This is just one of those situations where all you can do is hope he stays healthy. I think he learned his lesson about bulking up rather than doing workouts to maintain (and improve) his flexibility, and has stated that he plans to adjust his offseason workout program accordingly. Hopefully it makes a difference, but who knows. All I know is that when he’s on the field, he’s a top-5 player in baseball, and he makes the players around him better, especially offensively (see Gonzalez, Carlos).
4) The hype-train for Wilin Rosario is growing.Â Some analysts are predicting 30 to 35 HRs which is amazing power regardless of position but when you throw in that he’s a catcher, he becomes all the more alluring.Â I knew the power was there last year and called it with my Wilin Rosario fantasy but I’m worried that .270 average is unsustainable.Â Are we worried about a sophomore slump from Rosario and what are your expectations for him in the 2013 season?
The biggest problem that Rosario faces is whether or not he’ll be adequate enough defensively to stay in the lineup consistently to put up those number offensively, which he appears more than capable of doing. In fact, Rosario got off to a very slow start at home last year, or else his batting average and other numbers could have been even better. I’m not real worried about him sustaining an average around .270, as you said, as his approach at the plate continues to improve. Also, a little-known fact is that, for the majority of last season, Rosario’s road numbers easily trumped his home numbers, and was one of the few Rockies who showed the ability to perform well away from Coors Field.
So, in a nutshell, everything hinges on his defensive performance. If he doesn’t improve over last year, he won’t stay in the lineup enough to have a shot at cracking the 30-HR plateau. There’s also the problem of a healthy Ramon Hernandez, and whether or not Walt Weiss will be tempted to go with experience over actual production, even if Rosario gets better behind the plate. It will certainly be something worth keeping an eye on.
5) Given the personnel moves made by the Rockies so far in the off-season, it’s really hard to tell which direction they’re going moving forward.Â What’s the most likely storyline about the Colorado Rockies for the 2013 season?
A) Either Carlos Gonzalez or Tulo get traded by mid-season as the Rockies rebuild?
B) Dinger gets fed up with the play of his team and starts his own version of the show Barney and it’s just as weird and creepy as the original?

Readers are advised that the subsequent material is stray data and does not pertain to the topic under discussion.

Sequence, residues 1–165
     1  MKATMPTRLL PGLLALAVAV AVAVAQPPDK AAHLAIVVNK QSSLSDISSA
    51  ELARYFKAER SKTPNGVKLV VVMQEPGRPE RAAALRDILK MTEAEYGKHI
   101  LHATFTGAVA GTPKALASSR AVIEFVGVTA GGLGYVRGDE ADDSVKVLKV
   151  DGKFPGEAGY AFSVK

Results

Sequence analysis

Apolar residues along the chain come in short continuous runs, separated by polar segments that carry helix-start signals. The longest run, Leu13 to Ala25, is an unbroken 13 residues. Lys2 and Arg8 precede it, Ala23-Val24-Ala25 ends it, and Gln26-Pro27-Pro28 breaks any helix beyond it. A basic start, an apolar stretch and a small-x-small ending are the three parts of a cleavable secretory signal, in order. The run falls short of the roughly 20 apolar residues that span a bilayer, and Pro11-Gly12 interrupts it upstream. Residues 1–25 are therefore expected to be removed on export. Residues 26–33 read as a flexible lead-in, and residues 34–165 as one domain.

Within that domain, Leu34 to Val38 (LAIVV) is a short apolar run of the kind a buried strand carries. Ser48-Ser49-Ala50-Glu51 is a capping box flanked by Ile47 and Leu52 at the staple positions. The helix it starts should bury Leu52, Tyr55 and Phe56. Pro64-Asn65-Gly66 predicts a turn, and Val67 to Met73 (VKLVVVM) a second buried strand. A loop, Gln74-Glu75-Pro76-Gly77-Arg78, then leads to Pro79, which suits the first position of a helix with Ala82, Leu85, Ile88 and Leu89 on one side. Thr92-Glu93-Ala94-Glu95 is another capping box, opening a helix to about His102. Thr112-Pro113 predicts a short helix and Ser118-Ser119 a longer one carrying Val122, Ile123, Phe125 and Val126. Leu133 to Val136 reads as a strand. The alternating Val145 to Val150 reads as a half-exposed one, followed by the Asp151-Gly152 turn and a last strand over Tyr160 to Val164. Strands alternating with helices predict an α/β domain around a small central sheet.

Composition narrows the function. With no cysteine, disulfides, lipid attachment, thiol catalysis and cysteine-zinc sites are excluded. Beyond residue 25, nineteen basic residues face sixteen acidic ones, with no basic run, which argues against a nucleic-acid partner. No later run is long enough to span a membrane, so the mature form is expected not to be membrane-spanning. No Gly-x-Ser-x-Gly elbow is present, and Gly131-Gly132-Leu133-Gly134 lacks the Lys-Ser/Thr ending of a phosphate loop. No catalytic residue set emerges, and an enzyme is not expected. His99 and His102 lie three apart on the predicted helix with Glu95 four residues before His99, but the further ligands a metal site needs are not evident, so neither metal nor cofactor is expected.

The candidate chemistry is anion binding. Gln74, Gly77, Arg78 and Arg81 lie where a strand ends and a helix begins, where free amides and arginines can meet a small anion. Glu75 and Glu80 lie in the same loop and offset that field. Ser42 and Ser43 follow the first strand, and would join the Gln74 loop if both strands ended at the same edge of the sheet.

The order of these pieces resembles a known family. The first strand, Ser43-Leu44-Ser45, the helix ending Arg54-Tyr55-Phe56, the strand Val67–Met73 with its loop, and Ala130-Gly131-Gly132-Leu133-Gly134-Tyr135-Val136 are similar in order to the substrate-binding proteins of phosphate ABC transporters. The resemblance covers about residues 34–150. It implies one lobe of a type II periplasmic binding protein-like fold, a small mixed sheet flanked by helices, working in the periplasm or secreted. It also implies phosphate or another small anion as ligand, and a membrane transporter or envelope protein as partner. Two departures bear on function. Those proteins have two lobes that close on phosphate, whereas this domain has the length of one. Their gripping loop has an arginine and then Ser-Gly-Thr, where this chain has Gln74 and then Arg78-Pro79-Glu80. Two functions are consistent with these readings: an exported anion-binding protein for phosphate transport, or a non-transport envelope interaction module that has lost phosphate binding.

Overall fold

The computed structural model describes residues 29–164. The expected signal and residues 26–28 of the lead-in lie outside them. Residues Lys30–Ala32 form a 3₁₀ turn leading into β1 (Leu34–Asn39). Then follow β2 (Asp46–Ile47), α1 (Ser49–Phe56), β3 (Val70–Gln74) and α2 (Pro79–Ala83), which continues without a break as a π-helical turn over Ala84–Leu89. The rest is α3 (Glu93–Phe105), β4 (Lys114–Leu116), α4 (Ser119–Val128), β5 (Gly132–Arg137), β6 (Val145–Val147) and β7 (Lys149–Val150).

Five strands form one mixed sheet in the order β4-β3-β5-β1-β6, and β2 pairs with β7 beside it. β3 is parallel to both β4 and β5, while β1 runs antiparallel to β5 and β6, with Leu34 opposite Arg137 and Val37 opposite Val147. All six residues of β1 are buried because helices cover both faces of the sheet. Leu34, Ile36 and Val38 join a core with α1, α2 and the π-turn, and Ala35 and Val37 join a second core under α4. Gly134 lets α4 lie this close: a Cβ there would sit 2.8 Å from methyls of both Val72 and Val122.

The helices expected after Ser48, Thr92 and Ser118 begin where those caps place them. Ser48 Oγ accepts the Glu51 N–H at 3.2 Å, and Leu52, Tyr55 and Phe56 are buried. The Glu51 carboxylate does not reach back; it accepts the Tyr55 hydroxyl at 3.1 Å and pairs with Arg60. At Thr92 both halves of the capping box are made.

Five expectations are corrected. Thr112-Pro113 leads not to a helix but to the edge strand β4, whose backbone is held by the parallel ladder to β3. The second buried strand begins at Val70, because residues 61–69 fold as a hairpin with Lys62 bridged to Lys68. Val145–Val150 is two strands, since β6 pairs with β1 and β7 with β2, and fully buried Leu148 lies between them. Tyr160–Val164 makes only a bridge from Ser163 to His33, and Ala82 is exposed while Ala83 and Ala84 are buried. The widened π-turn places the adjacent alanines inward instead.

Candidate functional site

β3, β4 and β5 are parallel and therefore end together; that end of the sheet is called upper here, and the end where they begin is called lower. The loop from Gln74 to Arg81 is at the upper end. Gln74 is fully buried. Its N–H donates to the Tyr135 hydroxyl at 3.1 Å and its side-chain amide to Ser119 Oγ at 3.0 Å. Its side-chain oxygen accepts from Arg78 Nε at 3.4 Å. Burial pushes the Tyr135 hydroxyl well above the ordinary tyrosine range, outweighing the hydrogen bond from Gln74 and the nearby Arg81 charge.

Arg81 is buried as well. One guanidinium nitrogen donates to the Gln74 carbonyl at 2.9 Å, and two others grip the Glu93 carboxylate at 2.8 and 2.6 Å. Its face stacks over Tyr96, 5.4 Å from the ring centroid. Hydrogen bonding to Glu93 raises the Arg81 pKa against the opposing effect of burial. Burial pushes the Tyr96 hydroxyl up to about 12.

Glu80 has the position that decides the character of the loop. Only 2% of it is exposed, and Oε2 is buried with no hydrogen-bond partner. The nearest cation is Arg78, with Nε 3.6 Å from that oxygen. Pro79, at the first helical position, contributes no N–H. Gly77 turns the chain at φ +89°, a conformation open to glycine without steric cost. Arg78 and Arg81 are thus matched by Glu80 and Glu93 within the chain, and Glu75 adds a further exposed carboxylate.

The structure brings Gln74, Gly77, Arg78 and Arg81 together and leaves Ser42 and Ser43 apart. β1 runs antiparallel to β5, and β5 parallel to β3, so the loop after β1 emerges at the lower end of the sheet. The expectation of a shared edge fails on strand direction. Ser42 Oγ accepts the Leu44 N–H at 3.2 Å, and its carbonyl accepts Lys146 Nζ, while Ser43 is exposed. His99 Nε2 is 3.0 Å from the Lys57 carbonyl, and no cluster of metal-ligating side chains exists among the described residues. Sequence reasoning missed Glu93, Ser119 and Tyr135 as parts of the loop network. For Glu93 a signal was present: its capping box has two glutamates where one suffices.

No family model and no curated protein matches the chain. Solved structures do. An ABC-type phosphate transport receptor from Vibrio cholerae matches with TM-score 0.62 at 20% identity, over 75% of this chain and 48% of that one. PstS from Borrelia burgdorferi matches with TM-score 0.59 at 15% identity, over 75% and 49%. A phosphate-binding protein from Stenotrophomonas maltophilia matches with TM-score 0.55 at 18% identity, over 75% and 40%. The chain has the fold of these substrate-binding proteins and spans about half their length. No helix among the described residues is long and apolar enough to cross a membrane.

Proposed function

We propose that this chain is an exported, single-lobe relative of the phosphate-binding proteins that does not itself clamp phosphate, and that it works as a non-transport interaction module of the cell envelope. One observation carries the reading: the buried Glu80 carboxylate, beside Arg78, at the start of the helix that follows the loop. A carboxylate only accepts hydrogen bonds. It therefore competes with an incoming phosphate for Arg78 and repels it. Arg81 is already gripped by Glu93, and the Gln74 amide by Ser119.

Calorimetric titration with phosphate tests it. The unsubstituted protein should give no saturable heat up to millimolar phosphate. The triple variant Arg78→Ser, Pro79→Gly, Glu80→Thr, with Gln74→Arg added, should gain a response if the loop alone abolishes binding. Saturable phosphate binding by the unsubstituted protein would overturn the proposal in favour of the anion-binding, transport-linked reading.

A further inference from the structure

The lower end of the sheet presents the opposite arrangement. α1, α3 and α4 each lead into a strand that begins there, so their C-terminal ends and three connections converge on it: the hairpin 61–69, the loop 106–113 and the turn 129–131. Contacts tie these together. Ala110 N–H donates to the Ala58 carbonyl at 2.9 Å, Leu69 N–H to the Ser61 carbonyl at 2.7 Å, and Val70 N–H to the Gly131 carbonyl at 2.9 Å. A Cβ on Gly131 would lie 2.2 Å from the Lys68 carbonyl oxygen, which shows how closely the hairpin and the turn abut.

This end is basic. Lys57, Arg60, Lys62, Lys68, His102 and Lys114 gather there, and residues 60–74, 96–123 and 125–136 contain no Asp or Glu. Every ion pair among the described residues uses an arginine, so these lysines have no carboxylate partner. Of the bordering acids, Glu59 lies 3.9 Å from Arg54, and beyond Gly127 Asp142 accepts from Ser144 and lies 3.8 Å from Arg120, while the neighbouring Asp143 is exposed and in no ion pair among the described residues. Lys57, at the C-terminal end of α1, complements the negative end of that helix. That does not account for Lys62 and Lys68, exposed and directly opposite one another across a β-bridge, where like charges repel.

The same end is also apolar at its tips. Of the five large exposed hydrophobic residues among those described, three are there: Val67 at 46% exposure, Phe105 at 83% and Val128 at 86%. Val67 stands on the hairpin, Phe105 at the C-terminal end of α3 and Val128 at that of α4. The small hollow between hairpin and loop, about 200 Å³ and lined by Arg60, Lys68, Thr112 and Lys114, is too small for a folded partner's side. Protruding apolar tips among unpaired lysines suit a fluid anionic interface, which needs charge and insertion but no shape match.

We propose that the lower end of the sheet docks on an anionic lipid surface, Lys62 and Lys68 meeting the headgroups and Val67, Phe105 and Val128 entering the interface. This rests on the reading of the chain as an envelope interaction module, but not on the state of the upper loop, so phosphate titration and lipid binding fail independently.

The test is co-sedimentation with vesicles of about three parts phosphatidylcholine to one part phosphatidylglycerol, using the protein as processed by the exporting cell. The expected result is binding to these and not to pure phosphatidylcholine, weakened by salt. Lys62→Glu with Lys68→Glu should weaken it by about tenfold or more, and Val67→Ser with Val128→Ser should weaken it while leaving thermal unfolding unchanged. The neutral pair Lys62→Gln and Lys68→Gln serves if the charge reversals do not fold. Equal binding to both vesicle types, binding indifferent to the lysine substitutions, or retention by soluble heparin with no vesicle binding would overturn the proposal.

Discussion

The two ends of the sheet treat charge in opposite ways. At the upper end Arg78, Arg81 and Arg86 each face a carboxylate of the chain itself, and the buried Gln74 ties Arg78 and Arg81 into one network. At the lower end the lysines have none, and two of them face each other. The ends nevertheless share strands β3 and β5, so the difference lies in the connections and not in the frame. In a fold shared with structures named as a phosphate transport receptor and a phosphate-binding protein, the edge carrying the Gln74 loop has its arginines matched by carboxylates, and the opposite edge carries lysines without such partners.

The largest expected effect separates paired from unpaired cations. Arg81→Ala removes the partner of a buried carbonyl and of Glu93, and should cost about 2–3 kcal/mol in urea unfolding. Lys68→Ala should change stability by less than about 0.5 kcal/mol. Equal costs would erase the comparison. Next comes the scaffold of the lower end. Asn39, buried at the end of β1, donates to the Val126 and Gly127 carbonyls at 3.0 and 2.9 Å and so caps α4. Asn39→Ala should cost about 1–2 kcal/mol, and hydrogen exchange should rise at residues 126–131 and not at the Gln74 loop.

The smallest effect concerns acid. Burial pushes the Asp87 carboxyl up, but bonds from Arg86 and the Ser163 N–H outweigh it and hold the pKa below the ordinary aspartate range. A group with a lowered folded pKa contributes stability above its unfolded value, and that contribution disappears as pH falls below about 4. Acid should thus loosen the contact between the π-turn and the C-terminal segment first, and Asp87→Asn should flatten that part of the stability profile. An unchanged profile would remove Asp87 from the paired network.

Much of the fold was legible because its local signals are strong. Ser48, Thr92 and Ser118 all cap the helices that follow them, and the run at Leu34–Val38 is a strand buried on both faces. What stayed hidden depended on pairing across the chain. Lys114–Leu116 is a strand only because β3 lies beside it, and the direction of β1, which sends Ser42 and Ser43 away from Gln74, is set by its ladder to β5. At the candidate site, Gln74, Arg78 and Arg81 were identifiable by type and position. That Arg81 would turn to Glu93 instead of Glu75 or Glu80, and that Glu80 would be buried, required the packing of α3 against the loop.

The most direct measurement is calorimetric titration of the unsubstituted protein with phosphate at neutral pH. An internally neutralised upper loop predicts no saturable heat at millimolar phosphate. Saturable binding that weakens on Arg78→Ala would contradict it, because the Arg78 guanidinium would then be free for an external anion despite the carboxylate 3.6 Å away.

C) Josh Rutledge lives up to the hype that Grey bestowed upon him in his Josh Rutledge fantasy?
D) Todd Helton finally retires mid-season saying he wants more time to watch his great-great-great grandchildren grow up?
E) Nolan Arenado is up and raking at 3rd base for the Rockies by early June?
You hit the nail on the head by saying it’s hard to tell what the Rockies are doing. Are they rebuilding? Do they think they can compete now? One thing O’Dowd has pretty much made clear is that the team will use a wait-and-see approach as,Â in his defense, the team was too decimated by injuries to be able to properly judge how good (or bad) they really are.
One thing is for certain: there’s not enough pitching there, any way you spin it. The bullpen looks to be okay in theory, but if the starters perform as poorly as I think they might, a decent bullpen will go up in flames in a hurry.
It’s unlikely that Carlos Gonzalez will go anywhere, but the Rockies would be foolish not to listen if the right offer came along. That said, they would HAVE to get an established major league pitcher that has the characteristics of being able to survive in Coors Field (high groundball, low walk, good strikeout numbers), and there aren’t too many of those guys around. Dexter Fowler re-emerging on the trade market is a much likelier scenario. As for Tulo, he definitely isn’t going anywhere — I think.
So, I’ll go with E, although it would be hard to turn away from B (oh wait, no it wouldn’t). I have a feeling that any sort of torrid start from Arenado in the minors will result in a push to the big leagues, and it’s not out of the realm of possibility for him to hit well at that level from the outset.